Sounds Like: tra.zuh.doon
Classification: Serotonin antagonist and reuptake inhibitor
Controlled Substance Act Schedule: not a controlled substance
Other names for Trazodone
Trazodone is a medication used to treat depression and anxiety disorders. The drug impacts the creation of serotonin, a chemical in the brain that transports messages between nerve cells and throughout the body. Trazodone, a prescribed medication, can effect things like mood. Typically taken as a pill, trazodone’s most recognizable brand name is Desyrel.
Researchers continue to explore the benefits and side effects of trazodone, especially when taken with other medications like monoamine oxidase (MAO) linezolid (Zyvox), methylene blue, phenelzine (Nardil) and tranylcypromine (Parnate). Some teenagers and young adults who’ve taken trazodone experienced increased thoughts of suicide. The drug may also cause serotonin syndrome, which can be serious and cause seizures, shivering, fever and diarrhea.
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Trazodone was developed during the 1960s in Italy. It’s primary use is to treat depression. It was approved by the FDA in 1981 under the brand name Desyrel. Today, Oleptro is the only remaining brand name for trazodone, which is typically prescribed as in its generic form.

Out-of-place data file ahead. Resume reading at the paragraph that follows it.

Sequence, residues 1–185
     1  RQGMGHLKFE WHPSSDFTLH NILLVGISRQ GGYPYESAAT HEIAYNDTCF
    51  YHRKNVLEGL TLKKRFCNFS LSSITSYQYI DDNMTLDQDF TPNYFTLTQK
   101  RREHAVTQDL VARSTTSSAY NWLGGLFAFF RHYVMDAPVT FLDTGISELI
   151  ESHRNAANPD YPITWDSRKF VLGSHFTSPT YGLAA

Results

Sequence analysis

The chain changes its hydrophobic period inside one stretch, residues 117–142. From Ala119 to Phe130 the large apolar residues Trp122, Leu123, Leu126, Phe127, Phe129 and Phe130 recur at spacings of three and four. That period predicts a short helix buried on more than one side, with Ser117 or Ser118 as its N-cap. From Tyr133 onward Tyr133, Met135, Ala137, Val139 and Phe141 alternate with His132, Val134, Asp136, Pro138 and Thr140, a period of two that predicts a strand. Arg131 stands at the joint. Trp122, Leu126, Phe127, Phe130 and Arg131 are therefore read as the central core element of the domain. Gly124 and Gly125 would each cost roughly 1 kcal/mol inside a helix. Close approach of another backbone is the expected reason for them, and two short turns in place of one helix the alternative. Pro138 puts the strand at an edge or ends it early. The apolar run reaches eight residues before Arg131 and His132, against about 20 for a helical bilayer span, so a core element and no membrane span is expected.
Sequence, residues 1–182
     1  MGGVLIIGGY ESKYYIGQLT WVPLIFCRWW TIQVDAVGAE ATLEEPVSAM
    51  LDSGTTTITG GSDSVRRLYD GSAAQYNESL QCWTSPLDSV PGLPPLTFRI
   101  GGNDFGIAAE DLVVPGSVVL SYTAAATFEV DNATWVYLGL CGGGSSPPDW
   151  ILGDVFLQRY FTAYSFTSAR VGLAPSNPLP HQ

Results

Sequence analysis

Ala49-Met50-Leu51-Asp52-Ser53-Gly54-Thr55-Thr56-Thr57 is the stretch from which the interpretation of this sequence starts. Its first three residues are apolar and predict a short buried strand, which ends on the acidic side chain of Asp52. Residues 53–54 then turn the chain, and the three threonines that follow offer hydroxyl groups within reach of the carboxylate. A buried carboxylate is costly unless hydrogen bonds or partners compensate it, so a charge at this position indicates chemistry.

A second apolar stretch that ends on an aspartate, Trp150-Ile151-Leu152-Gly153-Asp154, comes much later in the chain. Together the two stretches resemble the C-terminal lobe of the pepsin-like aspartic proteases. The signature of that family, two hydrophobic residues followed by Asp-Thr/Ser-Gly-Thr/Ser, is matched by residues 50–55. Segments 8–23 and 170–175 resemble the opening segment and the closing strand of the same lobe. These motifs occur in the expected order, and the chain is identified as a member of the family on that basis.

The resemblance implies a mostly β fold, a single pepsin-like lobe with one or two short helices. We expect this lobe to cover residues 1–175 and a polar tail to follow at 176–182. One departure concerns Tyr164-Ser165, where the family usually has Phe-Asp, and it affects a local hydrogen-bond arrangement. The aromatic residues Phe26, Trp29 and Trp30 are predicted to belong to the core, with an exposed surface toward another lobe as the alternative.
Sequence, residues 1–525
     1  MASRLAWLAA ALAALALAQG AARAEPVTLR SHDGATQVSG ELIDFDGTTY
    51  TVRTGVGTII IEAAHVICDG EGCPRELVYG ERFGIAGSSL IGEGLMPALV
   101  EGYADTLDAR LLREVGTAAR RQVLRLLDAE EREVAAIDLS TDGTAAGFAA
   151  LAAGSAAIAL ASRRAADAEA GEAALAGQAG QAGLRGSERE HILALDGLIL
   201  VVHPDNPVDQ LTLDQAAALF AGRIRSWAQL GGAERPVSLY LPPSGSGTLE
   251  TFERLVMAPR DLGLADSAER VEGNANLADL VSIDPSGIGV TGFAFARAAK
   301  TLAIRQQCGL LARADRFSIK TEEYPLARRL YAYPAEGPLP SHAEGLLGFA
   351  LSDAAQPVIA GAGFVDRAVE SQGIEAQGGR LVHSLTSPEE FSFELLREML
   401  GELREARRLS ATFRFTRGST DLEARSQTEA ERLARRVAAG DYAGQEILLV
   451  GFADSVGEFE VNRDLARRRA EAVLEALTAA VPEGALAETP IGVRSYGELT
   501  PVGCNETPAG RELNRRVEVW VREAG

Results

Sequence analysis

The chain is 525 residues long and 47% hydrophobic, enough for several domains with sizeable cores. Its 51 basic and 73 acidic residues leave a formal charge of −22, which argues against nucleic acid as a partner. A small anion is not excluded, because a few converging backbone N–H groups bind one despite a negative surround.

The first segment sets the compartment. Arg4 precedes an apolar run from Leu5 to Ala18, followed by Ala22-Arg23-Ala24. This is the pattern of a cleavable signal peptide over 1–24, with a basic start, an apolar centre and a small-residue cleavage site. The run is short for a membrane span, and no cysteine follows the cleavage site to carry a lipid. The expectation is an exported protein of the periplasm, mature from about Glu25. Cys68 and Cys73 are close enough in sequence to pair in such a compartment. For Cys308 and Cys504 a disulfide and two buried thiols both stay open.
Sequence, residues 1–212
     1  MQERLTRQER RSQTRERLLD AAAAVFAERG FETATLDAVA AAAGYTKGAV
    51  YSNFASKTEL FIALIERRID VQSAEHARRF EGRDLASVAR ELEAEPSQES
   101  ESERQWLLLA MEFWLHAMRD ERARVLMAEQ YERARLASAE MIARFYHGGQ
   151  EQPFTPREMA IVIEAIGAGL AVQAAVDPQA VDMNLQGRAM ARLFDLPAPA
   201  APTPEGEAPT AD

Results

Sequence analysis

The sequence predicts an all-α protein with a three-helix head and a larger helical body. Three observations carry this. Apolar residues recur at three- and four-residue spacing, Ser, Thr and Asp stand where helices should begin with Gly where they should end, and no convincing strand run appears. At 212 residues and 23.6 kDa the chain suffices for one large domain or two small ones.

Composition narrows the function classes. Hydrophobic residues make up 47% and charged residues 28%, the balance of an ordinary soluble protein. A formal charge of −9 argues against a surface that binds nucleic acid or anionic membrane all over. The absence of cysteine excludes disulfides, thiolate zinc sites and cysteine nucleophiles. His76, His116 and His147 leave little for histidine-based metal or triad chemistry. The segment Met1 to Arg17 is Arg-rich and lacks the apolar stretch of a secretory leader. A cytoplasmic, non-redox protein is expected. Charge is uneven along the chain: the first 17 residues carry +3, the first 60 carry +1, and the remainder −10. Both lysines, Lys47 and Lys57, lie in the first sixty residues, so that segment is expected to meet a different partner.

Trazodone may improve mood, energy level and appetite while decreasing anxiety and insomnia. While not originally intended as a sleep aid, Trazodone has proven to help treat insomnia and other sleep issues.
Read more about taking trazodone for sleep, including potential side effects.
Trazodone usually comes in pill or tablet form and is swallowed. Dosage will be based on your medical condition and response to treatment. Some doctors may start a person out on a low dose and gradually increase the dose as effects are noted. Many people take two doses per day.
While serious side effects of trazodone can include hallucinations, fast heartbeat, fainting, tremors, ringing in the ears, urination problems and stomach pain, most side effects are mild.
While all antidepressant medication carry the risk of abuse, trazodone is not viewed as highly addictive. It can be habit forming, especially if someone is taking it for recreational purposes or for reasons a doctor hasn’t prescribed it for. As with any drug, if you can’t stop taking it consider talking to your doctor or consulting an addiction expert.
The body can develop a dependence on trazodone if it’s taken for months or years. Most people who have taken trazodone long term should gradually taper their use of the drug, rather than stopping cold turkey.
Inability to function normally without trazodone
Prioritizing use of trazodone over spending time with family or friends
Feeling like you can't stop taking trazodone
Experiencing withdrawal symptoms when trying to stop taking trazodone
Trazodone impacts chemicals in the brain that help deliver messages to other parts of the body.
Most people take 50mg to 100mg of trazodone twice a day to treat depression.
Trazodone can cause dizziness and fatigue.